Which section of the course is the key to success?
The racecourse consists of three sections, each completely different from the other. At the beginning, there are still trees along the side of the road. In this section, there are corners that are taken at a medium speed of around 150 or 160 km/h. The middle section consists almost completely of hairpin turns, where the speed is relatively slow. The final section looks like the surface of the moon. Only rocks, no trees. Because of that, you have no reference points for where you are on the course, and many of the turns are not visible in advance. Nevertheless, it’s a high-speed section of the race. This section is the most difficult and where drivers win the most respect. To win, you need a car that performs well in all three sections.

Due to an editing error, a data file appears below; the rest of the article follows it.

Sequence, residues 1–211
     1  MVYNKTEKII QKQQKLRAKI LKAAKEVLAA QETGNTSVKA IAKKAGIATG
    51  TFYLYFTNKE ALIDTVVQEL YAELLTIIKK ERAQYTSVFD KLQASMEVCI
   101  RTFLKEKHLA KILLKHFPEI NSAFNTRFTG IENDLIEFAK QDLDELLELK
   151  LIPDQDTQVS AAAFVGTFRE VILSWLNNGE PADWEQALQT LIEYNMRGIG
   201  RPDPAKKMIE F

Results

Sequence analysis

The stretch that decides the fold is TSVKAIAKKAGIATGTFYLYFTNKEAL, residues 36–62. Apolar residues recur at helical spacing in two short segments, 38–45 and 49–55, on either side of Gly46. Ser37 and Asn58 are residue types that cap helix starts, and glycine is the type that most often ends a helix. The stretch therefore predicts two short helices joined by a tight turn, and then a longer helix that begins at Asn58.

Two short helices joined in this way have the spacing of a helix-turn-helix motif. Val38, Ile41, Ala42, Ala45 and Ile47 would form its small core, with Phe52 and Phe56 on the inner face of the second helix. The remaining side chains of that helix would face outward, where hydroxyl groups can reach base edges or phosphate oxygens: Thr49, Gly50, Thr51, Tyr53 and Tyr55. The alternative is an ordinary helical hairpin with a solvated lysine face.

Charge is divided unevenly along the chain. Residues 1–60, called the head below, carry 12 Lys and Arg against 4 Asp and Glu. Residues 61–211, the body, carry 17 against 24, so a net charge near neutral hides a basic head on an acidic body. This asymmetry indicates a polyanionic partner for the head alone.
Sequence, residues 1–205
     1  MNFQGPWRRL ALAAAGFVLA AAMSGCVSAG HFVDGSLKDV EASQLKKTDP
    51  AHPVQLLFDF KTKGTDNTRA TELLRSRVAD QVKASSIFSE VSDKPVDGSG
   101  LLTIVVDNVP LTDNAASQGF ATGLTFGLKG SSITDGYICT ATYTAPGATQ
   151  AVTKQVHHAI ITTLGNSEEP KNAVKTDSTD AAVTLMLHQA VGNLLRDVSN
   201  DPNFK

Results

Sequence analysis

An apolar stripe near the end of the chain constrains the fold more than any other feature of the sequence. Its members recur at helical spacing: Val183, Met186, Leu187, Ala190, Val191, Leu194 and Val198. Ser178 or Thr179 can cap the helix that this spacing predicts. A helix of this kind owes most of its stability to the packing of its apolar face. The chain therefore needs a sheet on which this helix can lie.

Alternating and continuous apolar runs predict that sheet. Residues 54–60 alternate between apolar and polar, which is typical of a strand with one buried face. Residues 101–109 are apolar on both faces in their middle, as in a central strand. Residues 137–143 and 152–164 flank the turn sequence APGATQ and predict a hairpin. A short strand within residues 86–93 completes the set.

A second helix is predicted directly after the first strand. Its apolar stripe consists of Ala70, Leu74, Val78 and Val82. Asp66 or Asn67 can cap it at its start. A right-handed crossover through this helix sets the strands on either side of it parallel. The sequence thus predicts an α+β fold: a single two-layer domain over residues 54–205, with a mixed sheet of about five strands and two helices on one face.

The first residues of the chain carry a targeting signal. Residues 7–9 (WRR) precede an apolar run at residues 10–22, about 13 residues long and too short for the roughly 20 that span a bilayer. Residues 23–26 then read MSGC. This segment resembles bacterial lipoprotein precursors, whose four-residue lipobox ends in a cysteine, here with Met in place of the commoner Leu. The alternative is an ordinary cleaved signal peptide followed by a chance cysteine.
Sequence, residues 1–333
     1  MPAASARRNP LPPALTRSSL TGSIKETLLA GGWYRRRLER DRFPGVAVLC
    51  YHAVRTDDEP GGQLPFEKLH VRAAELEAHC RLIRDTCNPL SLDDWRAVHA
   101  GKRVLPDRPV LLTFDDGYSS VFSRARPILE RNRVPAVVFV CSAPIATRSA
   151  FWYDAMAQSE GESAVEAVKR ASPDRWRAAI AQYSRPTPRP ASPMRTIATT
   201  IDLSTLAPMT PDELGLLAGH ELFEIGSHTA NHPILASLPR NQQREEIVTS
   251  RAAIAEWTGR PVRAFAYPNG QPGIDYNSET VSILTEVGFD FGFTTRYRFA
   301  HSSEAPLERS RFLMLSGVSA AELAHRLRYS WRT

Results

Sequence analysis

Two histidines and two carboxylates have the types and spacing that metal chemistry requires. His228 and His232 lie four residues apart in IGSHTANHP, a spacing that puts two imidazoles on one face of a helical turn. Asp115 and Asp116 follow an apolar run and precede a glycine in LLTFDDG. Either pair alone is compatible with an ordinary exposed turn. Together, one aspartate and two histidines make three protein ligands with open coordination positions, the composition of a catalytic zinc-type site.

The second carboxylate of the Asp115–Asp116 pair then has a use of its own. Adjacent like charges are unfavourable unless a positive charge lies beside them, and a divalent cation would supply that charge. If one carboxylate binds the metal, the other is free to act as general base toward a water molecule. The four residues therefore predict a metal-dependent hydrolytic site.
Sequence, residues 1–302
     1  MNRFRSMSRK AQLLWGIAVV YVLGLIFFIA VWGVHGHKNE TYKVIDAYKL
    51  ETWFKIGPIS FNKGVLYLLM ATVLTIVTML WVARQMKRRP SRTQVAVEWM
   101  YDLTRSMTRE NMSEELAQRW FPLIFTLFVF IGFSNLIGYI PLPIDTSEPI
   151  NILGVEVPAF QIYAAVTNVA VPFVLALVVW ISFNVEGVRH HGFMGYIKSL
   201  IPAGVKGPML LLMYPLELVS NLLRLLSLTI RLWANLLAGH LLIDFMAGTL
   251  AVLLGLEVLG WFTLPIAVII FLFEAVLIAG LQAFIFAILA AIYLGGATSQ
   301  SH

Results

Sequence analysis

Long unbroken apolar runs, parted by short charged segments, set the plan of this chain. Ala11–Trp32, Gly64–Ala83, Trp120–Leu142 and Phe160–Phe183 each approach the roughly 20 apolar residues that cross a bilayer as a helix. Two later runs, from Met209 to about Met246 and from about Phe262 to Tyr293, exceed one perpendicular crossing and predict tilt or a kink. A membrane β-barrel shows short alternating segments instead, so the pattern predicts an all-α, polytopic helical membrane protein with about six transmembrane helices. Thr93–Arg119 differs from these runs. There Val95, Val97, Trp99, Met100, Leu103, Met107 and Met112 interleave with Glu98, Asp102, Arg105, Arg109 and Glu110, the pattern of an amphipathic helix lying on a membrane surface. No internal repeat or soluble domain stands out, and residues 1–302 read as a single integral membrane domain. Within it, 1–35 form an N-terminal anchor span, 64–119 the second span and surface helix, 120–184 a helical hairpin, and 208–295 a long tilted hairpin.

How do you prepare for the altitude of more than 4,000 meters as a driver?
The Pikes Peak International Hill Climb is usually one or two weeks after the 24-hour race at Le Mans. That leaves me with no time for things like sleeping in a hypoxic training tent, as I did when I was preparing for the Dakar Rally. The problem with Pikes Peak is not so much the altitude, either. The physical strain is caused more by driving from 2,900 to 4,300 meters in less than ten minutes. My remedy is oxygen, which I take in the car with me.